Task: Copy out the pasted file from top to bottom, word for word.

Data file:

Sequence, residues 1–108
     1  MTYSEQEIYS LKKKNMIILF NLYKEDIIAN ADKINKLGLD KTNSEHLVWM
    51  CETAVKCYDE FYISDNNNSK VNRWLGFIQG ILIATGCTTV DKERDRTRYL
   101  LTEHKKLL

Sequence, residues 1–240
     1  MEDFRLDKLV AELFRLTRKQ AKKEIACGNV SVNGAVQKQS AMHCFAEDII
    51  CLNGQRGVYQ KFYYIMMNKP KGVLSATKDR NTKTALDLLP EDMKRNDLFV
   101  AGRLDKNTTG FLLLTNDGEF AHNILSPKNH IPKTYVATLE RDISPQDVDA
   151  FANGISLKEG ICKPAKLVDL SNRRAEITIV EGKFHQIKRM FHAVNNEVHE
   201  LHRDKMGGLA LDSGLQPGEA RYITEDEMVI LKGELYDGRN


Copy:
Sequence, residues 1–108
     1  MTYSEQEIYS LKKKNMIILF NLYKEDIIAN ADKINKLGLD KTNSEHLVWM
    51  CETAVKCYDE FYISDNNNSK VNRWLGFIQG ILIATGCTTV DKERDRTRYL
   101  LTEHKKLL

Sequence, residues 1–240
     1  MEDFRLDKLV AELFRLTRKQ AKKEIACGNV SVNGAVQKQS AMHCFAEDII
    51  CLNGQRGVYQ KFYYIMMNKP KGVLSATKDR NTKTALDLLP EDMKRNDLFV
   101  AGRLDKNTTG FLLLTNDGEF AHNILSPKNH IPKTYVATLE RDISPQDVDA
   151  FANGISLKEG ICKPAKLVDL SNRRAEITIV EGKFHQIKRM FHAVNNEVHE
   201  LHRDKMGGLA LDSGLQPGEA RYITEDEMVI LKGELYDGRN